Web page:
In April 2020, as the COVID-19 coronavirus disease pandemic spread around the world, Snopes received a number of requests from readers asking us to verify that the 1981 “Farmer’s Almanac” or “Farmers’ Almanac” predicted the pandemic. Almost all the queries to Snopes shared the following passage:
In around 2020 a severe pneumonia-like illness will spread throughout the globe, attacking the lungs and the bronchial tubes and resisting all known treatments. Almost more baffling than the illness itself will be the fact that it will suddenly vanish as quickly as it arrived, attack again ten years later, and then disappear completely.
Snopes had encountered this page before, when social media users connected it to numerous sources including American author Dean Koontz and self-described psychic Sylvia Browne. The page actually originates from Sylvia Browne’s 2008 book, “End of Days.” From our previous fact check on this story:
[Browne] gained notoriety for her claims that she could predict the future and communicate with spirits. But she was also the subject of criticism for offering the grieving parents of missing children false information.
Browne did vaguely write in her 2008 book that a respiratory illness would spread across the globe in 2020.
We argued that Browne’s “prediction” was “more a matter of lucky guessing than predicting.” We also wrote:
… it may come as no surprise that Browne claimed to have foreseen an international respiratory disease outbreak, considering that the SARS (severe acute respiratory syndrome) outbreak of the early 2000s occurred before her book was published.
Almanacs, according to the Encyclopaedia Britannica, are books or tables that contain a calendar of the days, weeks, and months of the year. They keep records of astronomical phenomena, with climate information, seasonal suggestions for farmers, and other miscellaneous data.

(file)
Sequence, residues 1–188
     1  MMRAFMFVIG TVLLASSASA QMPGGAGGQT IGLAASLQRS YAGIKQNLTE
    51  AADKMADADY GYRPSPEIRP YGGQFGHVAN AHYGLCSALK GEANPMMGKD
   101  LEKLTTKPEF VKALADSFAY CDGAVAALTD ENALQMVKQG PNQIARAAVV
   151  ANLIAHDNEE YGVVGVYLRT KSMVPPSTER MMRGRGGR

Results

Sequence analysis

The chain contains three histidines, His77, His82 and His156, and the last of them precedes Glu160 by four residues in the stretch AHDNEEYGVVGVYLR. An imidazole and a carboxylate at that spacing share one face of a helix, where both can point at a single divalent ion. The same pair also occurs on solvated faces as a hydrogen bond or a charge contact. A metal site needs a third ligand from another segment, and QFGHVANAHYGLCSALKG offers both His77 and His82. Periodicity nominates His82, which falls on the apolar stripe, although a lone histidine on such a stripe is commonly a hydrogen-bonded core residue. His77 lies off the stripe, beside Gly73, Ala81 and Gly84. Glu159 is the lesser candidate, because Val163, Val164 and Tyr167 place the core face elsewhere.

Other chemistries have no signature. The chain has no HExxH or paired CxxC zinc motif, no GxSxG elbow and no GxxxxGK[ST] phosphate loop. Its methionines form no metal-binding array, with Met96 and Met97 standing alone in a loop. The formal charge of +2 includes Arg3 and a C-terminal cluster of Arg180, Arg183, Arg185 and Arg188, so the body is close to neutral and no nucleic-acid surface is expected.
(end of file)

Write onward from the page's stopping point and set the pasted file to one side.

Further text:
The “Farmer’s Almanac,” also known as “Old Farmer’s Almanac,” has been annually published in the United States since 1792, while another “Farmers’ Almanac” (note the placement of the apostrophe) was developed in 1818. They all usually contain weather predictions, planting schedules, recipes, and more. Their forecasts tend to focus on weather data.
From Encyclopaedia Britannica’s page on the “Farmer’s Almanac”:
The almanac issued long-range weather forecasts, based on esoteric interpretations of natural phenomena, long before the United States Weather Bureau (renamed the National Weather Service in 1970) or any other weather service existed, and generations of farmers planted and harvested according to its advice.
And the “Farmer’s Almanac” has gotten weather predictions wrong. The Grand Forks Herald, which covers daily news from northeast North Dakota and northwest Minnesota, described some incorrect predictions for 2019:
The first big storm of the winter season was right after Thanksgiving — Nov. 30 through Dec. 1. The Almanac’s forecast read, “Flurries, mild.” That’s a miss.
Neither was the “Farmers’ Almanac,” a rival to the “Old Farmer’s Almanac,” known for being a scientifically accurate source of weather forecasts. According to a 1981 report from The New York Times, Harry K. Buie, a retired schoolteacher and the man who prepared the 1981 weather data, suffered a fatal heart attack just after compiling the data for 1982. Buie’s methods for compiling this data were secretive and sketchy at best:
The forecasts are based on a complex formula involving sunspots, the position of the planets and tidal action, said Ray Geiger, editor of the almanac …”[Buei] kept the formula a secret — even his wife wasn’t sure what it was.”
In any case, there is no evidence to support the claim that any 1981 almanac predicted a virus that would spread throughout the globe in 2020. The passage cited in social media posts as originating from the 1981 “Farmer’s Almanac” or “Farmers’ Almanac” was misattributed.